A hot political debate in Argentina some weeks back was on the Argentinian Government’s decision to nationalise a Spanish-owned oil producer. The move came after that oil company had doubled its estimate of shale oil reserves in Argentina, putting the country behind only China and the United States. The Argentinian debate is not a lone exception. Writing in the Financial Times last month, Sylvia Pfeifer argues that shale could bring energy independence to many nations, freeing them from reliance on imports. Drawing a parallel with the sentiment in the 1950s on how atomic power was viewed with the same promise, Ms Pfeifer makes a poignant observation on how the debate on shale reserves is recasting geopolitics and influencing national investment decisions.
Little wonder that the same debate also found its way to India in April. Speaking on April 16 at the Chief Ministers’ conference on internal security, Gujarat Chief Minister Narendra Modi made a strong pitch on what he termed the “serious security implications” of our “current energy dependence”. Curiously enough, the remarks by Mr Modi not only found their echo within social media but also made their way into a blog post on the Reuters by Myra McDonald who went on to the extent of saying that Prime Minister Manmohan Singh’s Pakistan policy now faces a Narendra Modi veto. The reason being the pitch Mr Modi made on energy independence had its heart a call for exploring the potential for hydrocarbon reserves in Sir Creek including shale gas. Mr Ashok Malik, writing in The Pioneer, on April 14, a couple of days before Mr Modi’s speech, while dwelling on the proposed Pakistan visit by Manmohan Singh points to how advances in fracking and the accessibility to shale reserves in Sir creek make it a potential game-changer.
These one-off remarks on shale reserves in Sir Creek have to be viewed in combination with the sequence of events in Gujarat in what appears to be an emerging political roadmap for energy independence.
It began first with the launch of one of the largest solar farms to come up in barren land with the promise of producing more than 500 megawatts of solar power. Next, there was a unique pilot project from Chandrasan village of Kaditaluka in Mehsana district of Gujarat on generating about one megawatt of solar power. The power generation capacity may be small but the innovation of the pilot project lay in covering up real estate over the Narmada branch canal with solar panels to simultaneously generate power and conserve water. It may be early days but the estimate is that up to 90 lakh litres of water would be prevented from evaporating annually with this dual use of technology. This may be scratching the surface on the potential of distributed power generation, with the many pilot projects across Gujarat on roof-top power generation that allow consumers to become produces of power by selling back energy into the grid.
There is a long way to go before we address all the challenges around renewable sources of energy in general and solar power in particular. But it is in order that this emerging roadmap is put into perspective. Since 2009, the number of commercial and residential installations that generated solar power grew by 75 per cent. In the United States alone, distributed power generation using solar is estimated to be at least a $ 30 billion market over the next 15 years. Taking the lead on energy independence, the US Department of Defence is looking at solar taking a five per cent slice of its multi-billion dollar spend on renewable sources of energy for its non-combat facilities. Major American cities like Los Angeles are also undertaking massive city-wide initiatives, with electric vehicles in mind. The speed with which concept to commissioning of the solar park happened in Gujarat is a credible demonstration that India can leapfrog and play catch-up with the West.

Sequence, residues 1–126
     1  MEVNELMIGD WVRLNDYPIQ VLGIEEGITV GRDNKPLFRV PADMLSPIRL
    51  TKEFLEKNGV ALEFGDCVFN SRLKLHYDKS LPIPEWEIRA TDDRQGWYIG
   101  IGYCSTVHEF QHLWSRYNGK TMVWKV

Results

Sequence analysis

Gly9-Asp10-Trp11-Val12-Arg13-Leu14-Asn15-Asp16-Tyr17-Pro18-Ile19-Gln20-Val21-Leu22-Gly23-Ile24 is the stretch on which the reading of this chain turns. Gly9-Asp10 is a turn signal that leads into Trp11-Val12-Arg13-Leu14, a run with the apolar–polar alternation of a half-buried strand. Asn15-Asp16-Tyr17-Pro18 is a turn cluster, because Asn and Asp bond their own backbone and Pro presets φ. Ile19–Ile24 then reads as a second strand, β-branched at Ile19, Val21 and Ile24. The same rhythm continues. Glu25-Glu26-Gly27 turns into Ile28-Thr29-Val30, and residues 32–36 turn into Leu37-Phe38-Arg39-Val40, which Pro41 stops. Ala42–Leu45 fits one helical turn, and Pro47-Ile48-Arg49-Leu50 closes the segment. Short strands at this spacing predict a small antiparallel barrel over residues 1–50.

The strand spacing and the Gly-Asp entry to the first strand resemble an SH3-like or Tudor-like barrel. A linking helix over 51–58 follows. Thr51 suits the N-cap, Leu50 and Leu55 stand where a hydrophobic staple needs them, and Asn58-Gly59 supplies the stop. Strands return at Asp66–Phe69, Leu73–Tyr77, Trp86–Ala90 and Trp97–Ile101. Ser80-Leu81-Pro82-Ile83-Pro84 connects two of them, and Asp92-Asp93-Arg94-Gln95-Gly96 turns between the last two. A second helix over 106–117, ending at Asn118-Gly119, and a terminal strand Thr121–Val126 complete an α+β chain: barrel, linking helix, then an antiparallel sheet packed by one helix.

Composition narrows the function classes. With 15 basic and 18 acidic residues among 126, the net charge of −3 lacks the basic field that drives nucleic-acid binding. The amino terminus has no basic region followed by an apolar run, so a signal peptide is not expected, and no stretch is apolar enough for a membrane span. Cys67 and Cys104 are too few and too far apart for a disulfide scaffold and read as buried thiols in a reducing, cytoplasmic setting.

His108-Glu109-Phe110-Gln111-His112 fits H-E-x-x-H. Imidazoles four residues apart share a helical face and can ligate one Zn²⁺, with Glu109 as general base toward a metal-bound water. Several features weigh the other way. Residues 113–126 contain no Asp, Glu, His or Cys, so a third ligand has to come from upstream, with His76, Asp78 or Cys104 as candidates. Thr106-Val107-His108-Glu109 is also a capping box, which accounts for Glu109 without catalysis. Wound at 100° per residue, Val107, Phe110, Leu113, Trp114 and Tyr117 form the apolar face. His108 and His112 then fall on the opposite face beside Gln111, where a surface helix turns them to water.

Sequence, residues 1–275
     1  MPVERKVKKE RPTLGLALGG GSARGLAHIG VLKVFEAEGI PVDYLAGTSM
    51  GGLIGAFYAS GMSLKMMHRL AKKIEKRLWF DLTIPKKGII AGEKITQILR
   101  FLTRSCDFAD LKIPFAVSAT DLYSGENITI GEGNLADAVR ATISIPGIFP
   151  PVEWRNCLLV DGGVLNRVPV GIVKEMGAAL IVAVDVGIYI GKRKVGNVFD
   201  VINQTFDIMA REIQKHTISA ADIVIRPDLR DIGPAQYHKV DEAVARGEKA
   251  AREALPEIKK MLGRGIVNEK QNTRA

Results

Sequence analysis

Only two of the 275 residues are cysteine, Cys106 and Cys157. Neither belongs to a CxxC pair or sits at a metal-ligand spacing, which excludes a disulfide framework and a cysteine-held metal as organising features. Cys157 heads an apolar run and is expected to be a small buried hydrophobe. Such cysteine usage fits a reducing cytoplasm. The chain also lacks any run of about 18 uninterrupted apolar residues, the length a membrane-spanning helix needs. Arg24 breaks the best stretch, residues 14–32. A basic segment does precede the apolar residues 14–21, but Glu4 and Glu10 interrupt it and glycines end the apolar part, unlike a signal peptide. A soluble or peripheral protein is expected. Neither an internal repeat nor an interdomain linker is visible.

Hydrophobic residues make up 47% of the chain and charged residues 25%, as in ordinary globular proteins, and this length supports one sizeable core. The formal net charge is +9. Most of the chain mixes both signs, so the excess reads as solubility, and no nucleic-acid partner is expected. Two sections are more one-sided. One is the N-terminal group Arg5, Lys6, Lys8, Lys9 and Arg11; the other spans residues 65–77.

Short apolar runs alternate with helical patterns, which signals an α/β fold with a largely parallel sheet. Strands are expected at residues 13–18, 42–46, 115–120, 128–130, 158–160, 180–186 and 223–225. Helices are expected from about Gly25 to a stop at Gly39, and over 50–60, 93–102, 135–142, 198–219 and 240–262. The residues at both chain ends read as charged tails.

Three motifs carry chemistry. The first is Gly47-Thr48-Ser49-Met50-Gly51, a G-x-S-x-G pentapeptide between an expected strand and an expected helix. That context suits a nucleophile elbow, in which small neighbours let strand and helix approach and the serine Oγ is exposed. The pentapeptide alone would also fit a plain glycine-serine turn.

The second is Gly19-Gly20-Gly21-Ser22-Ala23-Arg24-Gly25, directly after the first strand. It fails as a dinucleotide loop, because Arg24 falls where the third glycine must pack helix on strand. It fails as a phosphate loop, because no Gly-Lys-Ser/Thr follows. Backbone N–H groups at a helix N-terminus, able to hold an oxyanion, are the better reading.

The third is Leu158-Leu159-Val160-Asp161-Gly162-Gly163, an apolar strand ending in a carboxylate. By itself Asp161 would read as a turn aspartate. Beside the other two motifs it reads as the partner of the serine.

There is a political contrast, however, in this energy independence that must be highlighted. This political contrast is relevant as some people have sought to link the Gujarat public sector undertaking firm, GSPC’s troubles in KG Basin with Mr Modi’s penchant for thinking big while deriding the various experiments towards energy independence as hype.
Back in his first term, Prime Minister Manmohan Singh had staked political capital he did not possess to push through a promise of energy security in the form of the India-US civil nuclear deal. Halfway into his second term, it is clear that he is far from even laying the foundation on which that promise was to be built on. The contrast could not have been starker between Gujarat that has become the mainstay of sorts for the BJP and Andhra Pradesh which is the mainstay for the Congress. While Gujarat is looking at a power surplus, Andhra Pradesh is not just suffering a serious power shortage but has had a steep hike in tariff, making it a double whammy on entrepreneurs.
At a time when shale reserves and renewables are spurring a global debate on the race towards energy independence, it is a shame that this debate is occurring along the margins in India. We are no closer to making energy independence a potent political issue for the Congress. Its extended ecosystem of Left liberal NGOs and activists inside and outside the media has been successful in labelling any debate on investing for the future as being hype, elitist and anti-poor.
In a political climate where polemics of the past dominate the political discourse in the present, even the worst of Narendra Modi’s critics will have to grudgingly admit that he is setting the agenda for the future on energy, unmindful of such labelling.